Transportation: The in’s and out’s

Korea is the master of public transportation. Whether you take the train, bus, taxi or you’re hiking- they’ve got you covered.

First things first – Having a T-money/ Money Bee or Debit/Credit Card. These are essential in using public transport. All buses and trains/subways accept the T-money card. Until recently all taxis used T-money. Now taxis might not accept T-money any longer, but they will accept your debit/credit card.

  1. What is T-money or Money Bee?

T- Money and Money Bee refers to a preloaded transportation card. These cards can be purchased at any convenience store. You can recharge your card at any convenience store. You can also recharge these cards at subway stations and bus stations. It is very convenient and 30 000 Won can take you a long way.

2. Subway and KTX

You can use your transportation card to travel via train. You can either swipe it at the turnstile where you enter the platform, or you can buy a ticket at the automated machines at the station entrance. For KTX I would advise you to buy the ticket since you will have clearer instructions as to where to get on and off or where to transfer lines.

For KTX I would advise you to buy the ticket since you will have clearer instructions as to where to get on and off or where to transfer lines. KTX is the express train and by far the fastest option to travel between major cities like Busan and Seoul.

3. Busses

To take a bus in Korea is the easiest and most convenient form of transport. Bus stops are clearly indicated, with maps and bus numbers showing you which bus travels on which route. Swipe your transportation card when you get on the bus, and swipe it again when you get off. If you do not swipe when you get off you might be charged for the whole route. The busses are clean, air-conditioned and rarely overcrowded. On the bus, you will find a red button at every other seat. Press this when you are nearing your stop. The bus does not automatically stop at every bus stop en route. If you want to get off let the driver know at least one minute from your stop by pressing the red button.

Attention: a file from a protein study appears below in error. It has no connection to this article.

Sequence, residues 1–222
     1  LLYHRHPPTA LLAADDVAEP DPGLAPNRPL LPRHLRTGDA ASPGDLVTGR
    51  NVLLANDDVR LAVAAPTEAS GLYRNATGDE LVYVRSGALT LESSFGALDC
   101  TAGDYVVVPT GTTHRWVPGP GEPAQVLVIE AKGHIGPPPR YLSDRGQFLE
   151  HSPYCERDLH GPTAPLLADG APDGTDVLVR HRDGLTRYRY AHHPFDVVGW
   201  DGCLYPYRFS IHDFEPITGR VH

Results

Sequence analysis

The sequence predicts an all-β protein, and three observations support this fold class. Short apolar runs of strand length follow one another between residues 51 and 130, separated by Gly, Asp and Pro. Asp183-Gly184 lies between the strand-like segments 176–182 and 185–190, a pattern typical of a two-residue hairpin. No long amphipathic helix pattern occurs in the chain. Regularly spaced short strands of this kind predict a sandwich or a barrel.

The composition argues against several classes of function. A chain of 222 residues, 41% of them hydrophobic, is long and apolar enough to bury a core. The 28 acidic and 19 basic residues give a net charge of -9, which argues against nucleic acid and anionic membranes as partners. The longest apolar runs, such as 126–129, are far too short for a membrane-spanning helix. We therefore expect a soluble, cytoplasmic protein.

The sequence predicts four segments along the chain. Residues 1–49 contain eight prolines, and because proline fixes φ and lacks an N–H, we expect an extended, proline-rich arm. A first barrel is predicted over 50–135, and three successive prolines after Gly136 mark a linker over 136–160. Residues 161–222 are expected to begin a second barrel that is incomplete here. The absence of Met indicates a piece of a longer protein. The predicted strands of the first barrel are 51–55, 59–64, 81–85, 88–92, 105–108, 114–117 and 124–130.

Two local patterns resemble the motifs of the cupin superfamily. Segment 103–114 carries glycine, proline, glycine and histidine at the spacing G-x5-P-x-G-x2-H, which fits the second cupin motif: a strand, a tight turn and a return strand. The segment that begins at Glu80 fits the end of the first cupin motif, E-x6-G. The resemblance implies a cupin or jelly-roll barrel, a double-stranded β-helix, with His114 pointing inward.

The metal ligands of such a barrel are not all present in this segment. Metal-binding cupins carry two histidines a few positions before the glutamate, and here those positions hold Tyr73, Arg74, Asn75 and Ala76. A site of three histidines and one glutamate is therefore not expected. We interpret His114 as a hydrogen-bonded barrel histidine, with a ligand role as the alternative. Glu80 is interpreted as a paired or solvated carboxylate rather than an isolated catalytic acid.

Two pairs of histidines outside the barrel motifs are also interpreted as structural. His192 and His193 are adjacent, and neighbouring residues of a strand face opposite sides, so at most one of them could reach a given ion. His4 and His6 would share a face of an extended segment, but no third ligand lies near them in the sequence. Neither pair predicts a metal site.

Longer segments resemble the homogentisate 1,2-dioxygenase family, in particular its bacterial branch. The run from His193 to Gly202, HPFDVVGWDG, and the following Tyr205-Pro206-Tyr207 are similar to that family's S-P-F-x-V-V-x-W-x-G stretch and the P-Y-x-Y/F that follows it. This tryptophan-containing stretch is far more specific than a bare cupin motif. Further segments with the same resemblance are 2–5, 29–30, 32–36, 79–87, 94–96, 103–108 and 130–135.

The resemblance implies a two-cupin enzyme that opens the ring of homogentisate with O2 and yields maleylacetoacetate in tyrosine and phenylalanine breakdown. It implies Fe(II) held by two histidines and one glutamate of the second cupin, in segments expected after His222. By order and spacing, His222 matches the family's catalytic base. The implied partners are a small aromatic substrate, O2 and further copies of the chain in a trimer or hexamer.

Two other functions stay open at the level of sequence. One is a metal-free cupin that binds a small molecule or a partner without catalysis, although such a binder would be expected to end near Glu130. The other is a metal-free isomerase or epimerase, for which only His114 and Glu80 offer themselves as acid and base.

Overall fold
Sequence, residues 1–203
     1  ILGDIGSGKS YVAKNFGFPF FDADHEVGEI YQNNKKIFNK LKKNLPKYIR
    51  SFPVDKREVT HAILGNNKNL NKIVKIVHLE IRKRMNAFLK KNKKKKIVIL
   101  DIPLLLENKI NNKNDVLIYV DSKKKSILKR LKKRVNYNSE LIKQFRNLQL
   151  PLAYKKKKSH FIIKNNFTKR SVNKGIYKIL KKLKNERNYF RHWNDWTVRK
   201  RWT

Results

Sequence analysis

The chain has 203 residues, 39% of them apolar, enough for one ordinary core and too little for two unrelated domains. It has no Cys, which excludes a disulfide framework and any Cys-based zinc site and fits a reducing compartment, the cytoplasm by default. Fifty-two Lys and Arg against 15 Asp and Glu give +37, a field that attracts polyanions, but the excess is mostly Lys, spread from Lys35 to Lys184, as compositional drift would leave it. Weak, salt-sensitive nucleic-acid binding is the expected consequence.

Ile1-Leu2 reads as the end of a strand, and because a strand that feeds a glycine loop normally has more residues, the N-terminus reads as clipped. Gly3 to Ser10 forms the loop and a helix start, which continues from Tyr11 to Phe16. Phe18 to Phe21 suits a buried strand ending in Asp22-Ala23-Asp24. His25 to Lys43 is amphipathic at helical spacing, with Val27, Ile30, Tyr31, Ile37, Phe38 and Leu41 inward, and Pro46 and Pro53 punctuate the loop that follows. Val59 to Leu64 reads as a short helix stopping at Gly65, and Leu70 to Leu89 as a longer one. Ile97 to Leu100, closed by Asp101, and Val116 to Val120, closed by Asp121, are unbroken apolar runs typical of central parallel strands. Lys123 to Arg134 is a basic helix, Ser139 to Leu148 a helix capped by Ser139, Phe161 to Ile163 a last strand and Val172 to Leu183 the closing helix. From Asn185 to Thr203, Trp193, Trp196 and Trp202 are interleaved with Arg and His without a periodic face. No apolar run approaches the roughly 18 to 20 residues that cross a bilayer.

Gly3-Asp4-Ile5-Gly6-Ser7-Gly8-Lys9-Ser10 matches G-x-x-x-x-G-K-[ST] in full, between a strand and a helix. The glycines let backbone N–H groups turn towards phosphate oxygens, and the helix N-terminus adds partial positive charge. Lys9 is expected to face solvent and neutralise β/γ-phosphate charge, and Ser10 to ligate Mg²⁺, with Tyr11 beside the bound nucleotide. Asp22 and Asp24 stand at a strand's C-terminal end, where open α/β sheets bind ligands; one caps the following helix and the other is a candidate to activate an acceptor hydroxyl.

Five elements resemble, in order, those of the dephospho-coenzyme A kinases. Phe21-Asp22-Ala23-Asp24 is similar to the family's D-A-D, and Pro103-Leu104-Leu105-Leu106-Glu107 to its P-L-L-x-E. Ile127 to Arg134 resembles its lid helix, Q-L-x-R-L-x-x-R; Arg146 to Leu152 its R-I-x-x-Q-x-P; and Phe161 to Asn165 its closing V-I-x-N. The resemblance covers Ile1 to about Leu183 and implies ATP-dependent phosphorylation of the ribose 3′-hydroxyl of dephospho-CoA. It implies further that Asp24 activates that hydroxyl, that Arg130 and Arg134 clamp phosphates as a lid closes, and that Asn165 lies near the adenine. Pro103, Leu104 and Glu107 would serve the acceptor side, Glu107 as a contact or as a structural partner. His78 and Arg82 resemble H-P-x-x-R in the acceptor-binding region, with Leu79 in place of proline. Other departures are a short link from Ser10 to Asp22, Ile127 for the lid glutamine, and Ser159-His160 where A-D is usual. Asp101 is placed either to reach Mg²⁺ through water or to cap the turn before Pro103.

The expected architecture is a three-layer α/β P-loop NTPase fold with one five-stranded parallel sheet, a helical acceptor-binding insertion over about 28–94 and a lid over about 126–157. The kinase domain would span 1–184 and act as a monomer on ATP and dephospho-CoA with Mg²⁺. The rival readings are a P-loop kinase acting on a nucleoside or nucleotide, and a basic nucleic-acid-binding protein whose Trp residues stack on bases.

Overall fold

For longer travels, 3+ hours, I would highly recommend the Express Bus. This is amazing. The bus is fast, comfortable and I had a better seat than any plane I’ve ever been on. You will also find that your seat can recline, you have a footrest and a USB port to charge your phone.

3. Taxis

You can flag down a taxi in any town/city in Korea. A lot of times taxi drivers in smaller towns are shy to speak English, or scared of being embarrassed so they will pretend that they don’t see you. This is OK, there will always be somebody who will stop. To communicate with the driver: Greet them in a friendly way, give them the address, when you pay, thank them for their service. If you are very happy with the driver ask him for a business card. This might help you in the future when you struggle to get a taxi. Here are some useful phrases if you want to try out your Korean:

Fill in the blank with a place to tell the driver where you want to go.

_______으로 가주세요.
_______euro gajuseyo.
Please take me to _______.

You might also find this useful:
Jikjin haseyo.
Please go straight.
Jwahwaejeon haseyo.
Please turn left.

Oohwaejeon haseyo.
Please turn right.
Yooteon haseyo.
Please make a U-turn.

For a full breakdown on taxi lingo, visit SweetandtastyTV.

4. Hitch Hiking

Although hitchhiking is not considered a safe way to travel in most of the world, I would not hesitate to catch a ride with a Korean person. Hubby and I missed the 2 pm bus to town one Saturday, and the next bus was only at 6 pm. We stood next to the road feeling sorry for ourselves and contemplated calling our regular taxi driver- but the idea of paying 30 000 Won for a return trip to town was not appealing. Trying to make the best of a bad situation we started jokingly waving at passing cars. Two pulled over. The first one we were too scared to approach, so we just waved them on. The second one we did approach. Two middle aged guys with three English words in their vocabulary basically signed that they would take us to town. We were very scared and giggled the whole way. They were super nice and dropped us at the bus terminal. When we wanted to pay, they refused. They waved, we waved and that was that. I would not recommend this as a regular form of travel, but when you are in a pinch and traveling with a mate this could be a possible solution.

I hope that you will find this post useful. Happy travels – be safe!


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